Friday, April 2, 2021

Malvern Link, Worcestershire

Art and nature

Malvern Link is an area to the north and east of Great Malvern, adjoining a swathe of land called Link Common. Development began after the railway arrived in the 1850s, and continued through the second half of the 19th century into the 20th. Along the main artery, Worcester Road, many of the houses , especially those near or overlooking the common, were built as substantial middle-class homes; there were also several hotels catering for Malvern’s role as a fashionable spa.

This is an example of the former, an attractive house of the very late-19th or early-20th century, glimpsed through the trees and bushes fringing the front garden. Attracted by the winning combination of red brick, white woodwork, tiles, and windows with small panes in the upper sashes, I began to think of Bedford Park, the west London garden suburb that was a product of the 1880s and hugely influential. I think, from looking at old Ordnance Survey maps, that these are slightly later, but in a similar mode.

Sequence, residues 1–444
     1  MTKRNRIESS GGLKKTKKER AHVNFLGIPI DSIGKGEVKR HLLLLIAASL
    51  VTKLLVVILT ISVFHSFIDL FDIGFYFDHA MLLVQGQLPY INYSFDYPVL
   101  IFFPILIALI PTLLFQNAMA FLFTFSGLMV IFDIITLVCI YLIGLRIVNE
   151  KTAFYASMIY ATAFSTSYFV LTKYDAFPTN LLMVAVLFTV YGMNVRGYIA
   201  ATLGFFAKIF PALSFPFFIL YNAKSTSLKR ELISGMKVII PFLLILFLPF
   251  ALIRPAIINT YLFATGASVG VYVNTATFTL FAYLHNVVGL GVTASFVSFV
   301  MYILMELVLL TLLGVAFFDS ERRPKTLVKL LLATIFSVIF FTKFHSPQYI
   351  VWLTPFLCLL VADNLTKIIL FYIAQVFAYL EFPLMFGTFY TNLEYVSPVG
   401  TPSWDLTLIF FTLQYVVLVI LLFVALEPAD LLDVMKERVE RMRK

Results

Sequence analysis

My eye was drawn especially to the ornamental panels running across the middle of the bay. The subject is stylised foliage and flowers of a fairly standard sort, of course: just what you’d expect on a house of some pretension in a prosperous area. Often such panels are in terracotta, a material popular during the fashion for ‘Queen Anne’ architecture from the 1870s onwards. Architectural ceramics companies had a repertoire of foliage, flowers, curlicues, and various other ornamental details, and builders drew on them widely. Terracotta was usually brick-red but was also available in a less common buff shade that resembled stone. Often it is hard to tell the difference between stone and terracotta, and I am having this difficulty with these Malvern Link examples. But whatever their material, they provide a pleasing touch, now complemented by the living greenery, which, having arrived more recently than the house, seems to be imitating art.